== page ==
Viral pneumonia: Viral pneumonia is caused by a virus and commonly affects children. Viral pneumonia may clear up within three weeks, but does increase the risk of bacterial pneumonia. Symptoms of viral pneumonia are similar to the flu with fever, aches, and cough. Symptoms may worsen within the first two days, then proceed to improve.

Viral pneumonia is highly contagious and can actually spread quicker than bacterial or fungal pneumonia.

Fungal pneumonia: There are three subtypes of fungal pneumonia: coccidioides, histoplasma, and cryptococcus. If a person with a weakened immune system inhales a fungus that’s how they can become sick. Symptoms include fever, dry cough, fatigue, and shortness of breath. Unlike other types, fungal pneumonia is not contagious, but symptoms may appear worse in those with weaker immune systems.

Aspiration pneumonia: Aspiration pneumonia occurs when a person inhales food or other objects into their lungs. Although not contagious, aspiration pneumonia can be life-threatening, so immediate medical attention is required.

Treatment and prevention of pneumonia

Treatment of pneumonia depends on the cause of your pneumonia. Some in-hospital treatments for pneumonia include fluids and antibiotics administered intravenously, oxygen therapy, and breathing treatments. Antibiotics are commonly prescribed for bacterial pneumonia. For viral pneumonia, other medications, which are common to treat the flu, may be prescribed.

At-home treatment is possible for pneumonia, too, including inhaling warm moist air, taking prescribed antibiotics, drinking plenty of fluids like tea, and getting as much rest as possible so your body can fight off the infection.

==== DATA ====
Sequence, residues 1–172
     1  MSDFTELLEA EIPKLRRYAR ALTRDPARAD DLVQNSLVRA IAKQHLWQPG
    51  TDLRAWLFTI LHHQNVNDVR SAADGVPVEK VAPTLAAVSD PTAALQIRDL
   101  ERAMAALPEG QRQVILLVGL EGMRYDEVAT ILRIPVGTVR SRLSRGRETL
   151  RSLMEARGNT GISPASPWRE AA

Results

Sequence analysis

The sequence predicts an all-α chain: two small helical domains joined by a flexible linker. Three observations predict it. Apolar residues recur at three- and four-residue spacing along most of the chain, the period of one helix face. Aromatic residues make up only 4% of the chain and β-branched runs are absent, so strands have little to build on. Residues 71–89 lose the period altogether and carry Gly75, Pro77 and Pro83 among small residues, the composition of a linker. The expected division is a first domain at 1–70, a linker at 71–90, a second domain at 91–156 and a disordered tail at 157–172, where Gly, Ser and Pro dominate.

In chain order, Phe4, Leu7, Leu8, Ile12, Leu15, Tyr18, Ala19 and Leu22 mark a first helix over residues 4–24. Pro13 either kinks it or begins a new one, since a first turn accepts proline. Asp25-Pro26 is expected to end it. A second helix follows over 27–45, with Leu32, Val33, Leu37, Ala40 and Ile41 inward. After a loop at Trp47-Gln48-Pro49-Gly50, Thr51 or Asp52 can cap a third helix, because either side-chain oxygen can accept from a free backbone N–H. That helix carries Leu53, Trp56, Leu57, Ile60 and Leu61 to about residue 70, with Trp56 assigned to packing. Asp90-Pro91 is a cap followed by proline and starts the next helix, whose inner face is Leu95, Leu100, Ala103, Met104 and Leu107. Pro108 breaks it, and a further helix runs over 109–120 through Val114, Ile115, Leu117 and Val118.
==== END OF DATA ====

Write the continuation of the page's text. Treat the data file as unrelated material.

Pneumonia, like the flu and cold, can be prevented, and here are some effective prevention tips to lower your risk of pneumonia.

  • Washing your hands, especially before and after touching food, after blowing your nose, after using the bathroom, after changing a baby’s diaper, and after coming into contact with someone who is sick
  • Not smoking as it damages your lungs
  • Getting the flu shot
  • Getting the pneumonia vaccine, especially if you are at a higher risk

When should someone call a doctor for pneumonia?

seasonal allergiesAlthough pneumonia often doesn’t result in complications and can be easily treated, there are certain signs that indicate a more serious problem that requires immediate medical attention. Here are some of those signs and symptoms that indicate you should see a doctor for pneumonia:

  • Blood or blood-colored mucus in cough
  • Aggravated breathing problems
  • Worsening chest pains
  • Fast or painful breathing
  • Night sweats or unexplained weight loss
  • Shortness of breath, chills, or persistent fever
  • Worsening of symptoms after initial improvement

Pay attention to your body, and if you’re not getting better, go in and see your doctor.


Related Reading:

Pneumonia hospitalizations: Viral infections more common than bacterial, elderly face higher stroke and heart attack risk